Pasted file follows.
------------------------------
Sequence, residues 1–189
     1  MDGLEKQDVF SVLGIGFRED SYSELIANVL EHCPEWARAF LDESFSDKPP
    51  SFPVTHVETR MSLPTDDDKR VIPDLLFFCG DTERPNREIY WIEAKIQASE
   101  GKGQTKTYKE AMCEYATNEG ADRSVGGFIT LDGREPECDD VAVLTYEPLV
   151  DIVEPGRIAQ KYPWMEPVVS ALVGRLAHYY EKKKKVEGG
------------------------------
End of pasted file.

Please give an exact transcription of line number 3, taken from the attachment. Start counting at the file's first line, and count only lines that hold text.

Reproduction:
    51  SFPVTHVETR MSLPTDDDKR VIPDLLFFCG DTERPNREIY WIEAKIQASE